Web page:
The goal of this proposal is the development of polymeric scaffolds for cardiovascular tissue engineering which will lead to the production of tissue-based small diameter vascular grafts. Hydrogel polymer scaffolds will be formed by rapid photopolymerization of aqueous precursors which allows for the incorporation of cell suspensions within the final product. Cell viability is maintained during this process, and the focus will be on the use of genetically engineered smooth muscle and endothelial cells. The incorporation of a variety of bioactive domains within the structure of the hydrogel matrices will be investigated to promote cell adhesion, growth, and extracellular matrix synthesis. Bioactive domains to be incorporated will include cell adhesion peptides and peptide growth factors. Cells will be transduced with genes that encode NO synthase for NO production (a proven anti-thrombotic agent), an endothelial cell-specific growth factor (VEGF), lysyl oxidase to enhance matrix crosslinking, and protease inhibitors (TIMPs) to reduce matrix degradation. In vitro assessment of cell viability and proliferation, extracellular matrix synthesis, and transgene expression will be performed under conditions of flow and static culture. Polymer preparations and polymer/cell composites will be tested using small animal in vivo vascular injury models for the recruitment of endothelial cells and the maintenance of homeostasis. Coating of Dacron grafts with polymers and polymer/cell composites will be investigated both in vitro and in vivo in canine arteriograft modalities. The ultimate focus of this proposal is to develop polymers which are biodegradable and can be used to support cell growth and deposition of extensive extracellular matrix material for de novo synthesis of vascular tissue. Populations of vascular cells (smooth muscle and endothelial cells) will be introduced as suspensions to the polymer environment prior to crosslinking of the hydrogel. Genetic engineering of cells will be used to optimize their production of matrix materials for the formation of tissue structures with mechanical integrity and to introduce anti- thrombotic properties to the newly formed tissue. The proposal seeks to develop vascular tissue grafts based on the provision of a biodegradable structure which will serve as a temporary scaffold and which will promote the proliferation and extracellular matrix elaboration of normal and genetically enhanced cell populations.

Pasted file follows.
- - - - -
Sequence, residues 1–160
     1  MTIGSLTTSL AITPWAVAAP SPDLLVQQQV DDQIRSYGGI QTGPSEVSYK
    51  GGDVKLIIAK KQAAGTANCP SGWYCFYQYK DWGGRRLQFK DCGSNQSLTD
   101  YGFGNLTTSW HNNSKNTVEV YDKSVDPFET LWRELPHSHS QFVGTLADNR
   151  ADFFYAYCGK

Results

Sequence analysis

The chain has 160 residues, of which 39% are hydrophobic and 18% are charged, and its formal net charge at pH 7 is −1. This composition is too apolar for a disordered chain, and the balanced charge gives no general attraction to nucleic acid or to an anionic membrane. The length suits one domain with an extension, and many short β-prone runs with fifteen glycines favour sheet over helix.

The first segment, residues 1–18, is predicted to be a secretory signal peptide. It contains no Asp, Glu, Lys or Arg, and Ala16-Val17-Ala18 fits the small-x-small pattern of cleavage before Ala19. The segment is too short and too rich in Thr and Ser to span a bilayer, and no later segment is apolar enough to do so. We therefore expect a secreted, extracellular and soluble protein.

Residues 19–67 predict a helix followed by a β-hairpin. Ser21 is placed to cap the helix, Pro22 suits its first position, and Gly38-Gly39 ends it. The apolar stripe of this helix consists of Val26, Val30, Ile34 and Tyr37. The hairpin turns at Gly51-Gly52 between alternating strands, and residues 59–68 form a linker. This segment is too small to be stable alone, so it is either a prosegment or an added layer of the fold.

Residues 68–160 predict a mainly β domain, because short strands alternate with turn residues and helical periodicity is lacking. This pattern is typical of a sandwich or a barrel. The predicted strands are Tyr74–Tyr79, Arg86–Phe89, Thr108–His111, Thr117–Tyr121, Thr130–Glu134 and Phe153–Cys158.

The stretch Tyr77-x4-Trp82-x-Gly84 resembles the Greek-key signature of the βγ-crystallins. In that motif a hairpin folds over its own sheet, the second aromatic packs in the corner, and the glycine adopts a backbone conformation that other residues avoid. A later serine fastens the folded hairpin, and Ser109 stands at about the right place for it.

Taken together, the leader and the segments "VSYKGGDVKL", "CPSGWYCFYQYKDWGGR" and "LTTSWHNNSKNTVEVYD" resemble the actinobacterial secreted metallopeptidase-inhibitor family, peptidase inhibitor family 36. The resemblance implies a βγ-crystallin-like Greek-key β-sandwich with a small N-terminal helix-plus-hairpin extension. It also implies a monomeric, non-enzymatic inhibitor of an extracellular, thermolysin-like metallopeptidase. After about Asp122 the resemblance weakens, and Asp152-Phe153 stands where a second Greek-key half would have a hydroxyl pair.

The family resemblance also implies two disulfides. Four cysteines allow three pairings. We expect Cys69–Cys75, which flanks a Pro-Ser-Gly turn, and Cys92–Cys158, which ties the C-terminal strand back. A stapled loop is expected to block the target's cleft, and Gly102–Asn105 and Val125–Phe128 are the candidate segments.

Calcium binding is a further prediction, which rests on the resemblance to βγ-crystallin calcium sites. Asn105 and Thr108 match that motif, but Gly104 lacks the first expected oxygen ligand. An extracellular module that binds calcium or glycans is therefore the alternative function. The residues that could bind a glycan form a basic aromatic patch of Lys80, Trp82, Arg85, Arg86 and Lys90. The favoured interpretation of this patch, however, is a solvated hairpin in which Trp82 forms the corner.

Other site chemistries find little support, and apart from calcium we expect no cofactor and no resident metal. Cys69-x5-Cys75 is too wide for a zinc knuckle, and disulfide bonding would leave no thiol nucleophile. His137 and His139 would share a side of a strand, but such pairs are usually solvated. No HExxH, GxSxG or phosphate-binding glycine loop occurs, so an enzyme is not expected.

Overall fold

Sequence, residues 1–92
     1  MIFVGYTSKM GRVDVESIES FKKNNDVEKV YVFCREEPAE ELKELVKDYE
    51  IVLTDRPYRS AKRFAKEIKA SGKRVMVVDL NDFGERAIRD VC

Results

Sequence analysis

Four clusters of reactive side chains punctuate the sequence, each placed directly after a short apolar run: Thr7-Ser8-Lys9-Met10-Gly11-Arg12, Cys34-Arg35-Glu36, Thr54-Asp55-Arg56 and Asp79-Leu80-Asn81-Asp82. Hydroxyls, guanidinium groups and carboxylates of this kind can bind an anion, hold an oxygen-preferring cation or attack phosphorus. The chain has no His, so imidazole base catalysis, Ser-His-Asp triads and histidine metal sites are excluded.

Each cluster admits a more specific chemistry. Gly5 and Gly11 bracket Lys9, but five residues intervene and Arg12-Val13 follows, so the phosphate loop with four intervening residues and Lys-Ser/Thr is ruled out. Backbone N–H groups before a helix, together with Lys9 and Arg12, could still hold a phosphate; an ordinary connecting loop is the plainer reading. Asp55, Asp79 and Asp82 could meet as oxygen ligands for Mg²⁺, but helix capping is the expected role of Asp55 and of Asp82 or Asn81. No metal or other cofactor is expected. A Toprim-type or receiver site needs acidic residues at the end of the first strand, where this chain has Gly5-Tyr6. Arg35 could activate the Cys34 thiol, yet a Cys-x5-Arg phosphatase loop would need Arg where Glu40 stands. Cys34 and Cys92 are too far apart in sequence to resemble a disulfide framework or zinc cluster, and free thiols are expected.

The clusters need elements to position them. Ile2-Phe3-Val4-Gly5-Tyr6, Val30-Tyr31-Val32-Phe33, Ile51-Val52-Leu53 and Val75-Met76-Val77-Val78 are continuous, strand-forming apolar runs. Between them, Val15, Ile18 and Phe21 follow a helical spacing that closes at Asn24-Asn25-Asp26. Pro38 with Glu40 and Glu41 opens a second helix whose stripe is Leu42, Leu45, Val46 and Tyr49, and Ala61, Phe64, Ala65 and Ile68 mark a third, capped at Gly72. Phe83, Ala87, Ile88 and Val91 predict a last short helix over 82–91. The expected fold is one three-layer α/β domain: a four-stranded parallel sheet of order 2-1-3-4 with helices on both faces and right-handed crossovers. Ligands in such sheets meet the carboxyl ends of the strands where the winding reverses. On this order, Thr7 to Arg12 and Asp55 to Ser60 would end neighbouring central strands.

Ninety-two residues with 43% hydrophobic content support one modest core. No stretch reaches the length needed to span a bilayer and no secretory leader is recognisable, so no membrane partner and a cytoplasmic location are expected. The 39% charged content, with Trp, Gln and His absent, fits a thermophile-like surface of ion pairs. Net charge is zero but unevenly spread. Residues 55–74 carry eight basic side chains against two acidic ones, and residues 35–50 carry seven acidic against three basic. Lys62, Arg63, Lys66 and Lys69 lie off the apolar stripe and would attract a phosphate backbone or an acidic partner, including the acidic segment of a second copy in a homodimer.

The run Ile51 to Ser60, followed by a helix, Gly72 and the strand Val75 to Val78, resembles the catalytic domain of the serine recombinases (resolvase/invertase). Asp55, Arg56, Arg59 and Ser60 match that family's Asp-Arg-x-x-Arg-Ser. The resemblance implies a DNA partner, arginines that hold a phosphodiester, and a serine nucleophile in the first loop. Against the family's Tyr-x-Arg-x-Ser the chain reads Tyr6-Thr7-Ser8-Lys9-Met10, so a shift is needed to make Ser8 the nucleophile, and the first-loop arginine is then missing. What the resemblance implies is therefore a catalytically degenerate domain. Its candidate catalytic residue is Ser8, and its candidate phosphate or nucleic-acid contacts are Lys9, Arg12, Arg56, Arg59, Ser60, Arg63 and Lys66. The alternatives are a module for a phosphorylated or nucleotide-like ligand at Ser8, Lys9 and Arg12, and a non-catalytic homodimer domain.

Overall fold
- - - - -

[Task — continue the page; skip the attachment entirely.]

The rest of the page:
National Institute of Health (NIH)
National Heart, Lung, and Blood Institute (NHLBI)
Research Project (R01)
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Special Emphasis Panel (ZHL1-CSR-F (M2))
Program Officer
Kelley, Christine A
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Rice University
Biomedical Engineering
Schools of Engineering
United States
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